Cablegate: Brunei Tip Report


DE RUEHBD #0087/01 0680643
R 090643Z MAR 07





E.O. 12958: N/A

REF: 2006 STATE 202745

1. (SBU) Please find below Post's report in preparation for the
annual Trafficking in Persons Report. Please note paragraph
numbering is keyed to reftel questions:

A. Brunei is not a major destination for trafficked persons, nor is
it a source or transit country. However, Brunei is heavily
dependent on foreign workers to perform much of the manual labor, as
well as a significant amount of the high-skill work required to keep
its economy functioning. GoB statistics indicate that 70, 763
foreign workers or 18% of the nation's population are currently
legally resident in Brunei. Post's survey of primary labor source
country embassies indicated the actual number of foreign workers may
be as high as 100,000. The GoB statistics may not count the large
number of Malaysian citizens resident in Malaysia who commute daily
to legal jobs in Brunei or foreign nationals with permanent
residence status. The following statistics provided to us by
foreign missions reflect either the number of these countries'
nationals formally registered or estimated to be working in Brunei:

Malaysia 43,000
Indonesia 36,000
Philippines 21,000
Thailand 9,000
Bangladesh 4,000.

Brunei authorities, social service agencies, and the embassies of
potential source countries all believe that TIP, if it occurs at all
in Brunei, is very infrequent and most likely ccurs in the context
of legal labor agreements nt being honored by either the employer
or employe. Such cases are prosecuted (or more often mediated)
under the Labor Act. During the year the enfrcement section of
Department of Labor (DOL) recrded 72 complaints by domestic helpers
and 288 cmplaints by corporate / garment workers against emloyers
who failed to pay worker's salaries. Fortyone of the 72 complaints
by domestic helpers wer resolved through mediation, and 204 of the
complaints by corporate / garment workers were resolved through

There are four pending cases of criminal prosecution for non-payment
of salary.

There have been reports of Brunei being a destination of an unknown
but small number of women for prostitution. The Embassy of Thailand
told us that approximately 2-3 Thai national women were arrested
monthly in Brunei for prostitution. A small percentage of these
women asserted that they had been trafficked to Brunei. However, a
senior Thai Embassy official found almost all of these claims lacked
credibility, noting that in one such case, she overheard one
arrestee tell the other "I told you we should have gone to Hong Kong
or Tokyo." Of all the embassies surveyed, only the Thai embassy
reported one credible case of a woman recruited to work in a
restaurant who was subsequently forced into prostitution.

B. Although the Trafficking and Smuggling Persons Order 2004 is in
force, no case has been tried under this law. During the reporting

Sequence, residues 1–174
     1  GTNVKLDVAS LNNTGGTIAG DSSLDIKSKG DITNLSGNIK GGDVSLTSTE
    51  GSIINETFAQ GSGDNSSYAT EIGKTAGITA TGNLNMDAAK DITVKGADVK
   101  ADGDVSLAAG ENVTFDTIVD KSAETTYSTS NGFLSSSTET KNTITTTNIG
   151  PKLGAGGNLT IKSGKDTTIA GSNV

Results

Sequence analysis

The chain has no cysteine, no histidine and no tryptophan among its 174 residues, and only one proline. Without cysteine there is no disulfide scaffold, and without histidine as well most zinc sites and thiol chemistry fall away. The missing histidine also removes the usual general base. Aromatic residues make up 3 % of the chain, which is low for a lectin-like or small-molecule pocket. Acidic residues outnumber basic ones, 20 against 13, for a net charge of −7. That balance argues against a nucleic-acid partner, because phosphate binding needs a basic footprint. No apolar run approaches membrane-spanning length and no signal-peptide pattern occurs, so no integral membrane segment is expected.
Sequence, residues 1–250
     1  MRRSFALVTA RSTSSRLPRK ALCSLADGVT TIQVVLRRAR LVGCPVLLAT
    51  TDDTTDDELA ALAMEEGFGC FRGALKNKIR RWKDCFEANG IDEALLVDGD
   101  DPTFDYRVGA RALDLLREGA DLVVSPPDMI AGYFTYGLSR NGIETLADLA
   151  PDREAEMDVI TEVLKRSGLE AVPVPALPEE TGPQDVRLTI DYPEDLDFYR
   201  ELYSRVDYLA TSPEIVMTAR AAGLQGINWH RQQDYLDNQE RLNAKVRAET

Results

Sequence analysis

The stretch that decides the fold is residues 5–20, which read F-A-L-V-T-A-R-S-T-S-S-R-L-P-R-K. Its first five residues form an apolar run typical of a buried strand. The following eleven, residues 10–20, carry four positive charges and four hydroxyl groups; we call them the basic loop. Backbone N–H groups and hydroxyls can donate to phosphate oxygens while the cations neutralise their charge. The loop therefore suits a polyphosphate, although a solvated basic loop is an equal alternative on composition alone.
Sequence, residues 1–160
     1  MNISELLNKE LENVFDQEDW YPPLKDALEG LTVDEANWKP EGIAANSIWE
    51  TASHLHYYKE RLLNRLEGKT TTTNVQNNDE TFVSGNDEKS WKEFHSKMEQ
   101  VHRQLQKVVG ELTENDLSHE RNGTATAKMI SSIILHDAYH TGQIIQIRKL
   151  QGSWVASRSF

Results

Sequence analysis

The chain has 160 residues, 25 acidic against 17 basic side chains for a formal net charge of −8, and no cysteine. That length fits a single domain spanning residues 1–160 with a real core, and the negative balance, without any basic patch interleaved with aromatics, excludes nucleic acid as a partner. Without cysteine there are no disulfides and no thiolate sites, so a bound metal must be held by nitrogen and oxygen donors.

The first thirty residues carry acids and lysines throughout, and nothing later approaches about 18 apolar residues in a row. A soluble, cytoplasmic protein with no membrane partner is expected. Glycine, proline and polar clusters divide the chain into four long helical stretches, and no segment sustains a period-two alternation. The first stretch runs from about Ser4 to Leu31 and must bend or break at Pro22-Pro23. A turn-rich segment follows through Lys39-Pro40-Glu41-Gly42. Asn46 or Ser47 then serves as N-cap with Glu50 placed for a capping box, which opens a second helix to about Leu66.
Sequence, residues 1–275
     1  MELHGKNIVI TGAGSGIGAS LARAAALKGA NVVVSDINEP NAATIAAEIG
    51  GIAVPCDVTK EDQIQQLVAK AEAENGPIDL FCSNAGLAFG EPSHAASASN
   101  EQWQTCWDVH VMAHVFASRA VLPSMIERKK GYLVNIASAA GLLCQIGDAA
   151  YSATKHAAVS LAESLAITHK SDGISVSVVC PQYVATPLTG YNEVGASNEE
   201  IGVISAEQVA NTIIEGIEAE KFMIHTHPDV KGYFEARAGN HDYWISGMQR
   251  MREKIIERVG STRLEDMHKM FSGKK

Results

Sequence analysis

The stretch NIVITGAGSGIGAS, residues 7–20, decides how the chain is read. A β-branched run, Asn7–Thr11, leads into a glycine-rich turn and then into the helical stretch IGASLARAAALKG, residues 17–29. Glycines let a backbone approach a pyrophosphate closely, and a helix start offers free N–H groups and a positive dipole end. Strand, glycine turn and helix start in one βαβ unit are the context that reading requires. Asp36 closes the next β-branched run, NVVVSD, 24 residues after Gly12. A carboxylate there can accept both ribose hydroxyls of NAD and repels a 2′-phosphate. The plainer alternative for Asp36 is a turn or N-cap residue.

period, the government investigated one case as a potential
violation of anti-TIP law, but brought charges under the
easier-to-prove Woman and Children's Act. The case was dropped when
the victim chose not to testify and left the country.

Most trafficking related cases such as contract switching and
non-payment salary are tried under Labor Act. A small country with
a correspondingly small law enforcement community, GOB lacks
internal expertise in addressing trafficking issues. In January
2007, the GOB joined the International Labor Organization (ILO) and
plans to ratify some of the ILO's Conventions and Protocols, which
reflects the GOB's political will to improve labor practices and
address trafficking issues. Also under development is a revised
'Agencies Order' which calls for the screening of recruitment
agencies to regulate potentially deceptive recruitment practices.

C. GOB officials, noting the very small number of potential
trafficking cases, state that the lack of trained manpower is the
main limitation on the GOB's ability to tackle trafficking issues.

D. The GOB has a national committee that addresses transnational
crimes including trafficking, and has already in place the
Trafficking and Person Smuggling Order 2004. The Immigration and
National Registration Department monitors and screen movements of
people entering and exiting the country, not limiting to evidence
for trafficking in persons and trafficked victims.


A. While Brunei acknowledges that trafficking does occur and takes
the issue seriously, it does not see trafficking as a significant
problem. A conservative country with low rates of social crimes
(including prostitution), Brunei officials and social service
agencies simply do not have the case load to indicate that TIP is a
serious problem.

B. The government agencies involved in anti-trafficking efforts are
the Prime Minister's Office, the Ministry of Home Affairs; the
Ministry of Foreign Affairs and Trade; the Internal Security
Department; the Immigration and National Registration Department;
the Royal Brunei Police Force; and the Department of Community
Development. The lead agency is the Ministry of Home Affairs.

C. Brunei's Attorney General Chambers leads national efforts to
educate law enforcement and social services agencies on the TIP
Order. Training is conducted annually, but lack of staff has meant
that such efforts are limited in scope.

D. During the reporting period, GoB officials participated in a
workshop run by the Government of Japan on "Developing a Coordinated
Inter Agency National Action Plan to Eradicate Trafficking in
Persons" under the umbrella of the Bali Process on People Smuggling,
Trafficking in Persons and related Transnational Crime aimed at
enhancing capacity-building and skill development.

E. There are no NGOs or organizations specifically dealing with the
trafficking in persons issue.

F. Immigration and law enforcement officials at Brunei's six major
entry points screen arrivals and departures and are charged with
enforcing anti-trafficking laws.

G. The National Committee on Transnational Crime (NCTC) under the
Prime Minister's Office coordinates GOB efforts to combat
transnational crimes including trafficking and smuggling of persons.
It is chaired by a Permanent Secretary in the Prime Minister's
Office and includes representatives from relevant government
services. Brunei's Anti-Corruption Bureau is the enforcement
agency for public corruption, which falls under the Prime Minister's

H. Brunei committed under Bali Process as an ASEAN member to fulfil
the Plan of Action regarding developing a work programme related to